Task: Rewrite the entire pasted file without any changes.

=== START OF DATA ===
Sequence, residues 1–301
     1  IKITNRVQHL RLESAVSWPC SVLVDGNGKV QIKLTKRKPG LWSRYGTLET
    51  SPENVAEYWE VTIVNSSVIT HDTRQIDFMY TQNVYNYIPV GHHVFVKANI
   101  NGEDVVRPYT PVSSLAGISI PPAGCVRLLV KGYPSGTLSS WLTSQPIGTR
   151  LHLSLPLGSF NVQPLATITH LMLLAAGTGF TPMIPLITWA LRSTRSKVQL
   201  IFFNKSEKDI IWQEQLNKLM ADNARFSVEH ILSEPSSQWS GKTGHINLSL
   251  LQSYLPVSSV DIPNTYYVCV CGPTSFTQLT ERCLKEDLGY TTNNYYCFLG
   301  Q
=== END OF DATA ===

Sequence, residues 1–301
     1  IKITNRVQHL RLESAVSWPC SVLVDGNGKV QIKLTKRKPG LWSRYGTLET
    51  SPENVAEYWE VTIVNSSVIT HDTRQIDFMY TQNVYNYIPV GHHVFVKANI
   101  NGEDVVRPYT PVSSLAGISI PPAGCVRLLV KGYPSGTLSS WLTSQPIGTR
   151  LHLSLPLGSF NVQPLATITH LMLLAAGTGF TPMIPLITWA LRSTRSKVQL
   201  IFFNKSEKDI IWQEQLNKLM ADNARFSVEH ILSEPSSQWS GKTGHINLSL
   251  LQSYLPVSSV DIPNTYYVCV CGPTSFTQLT ERCLKEDLGY TTNNYYCFLG
   301  Q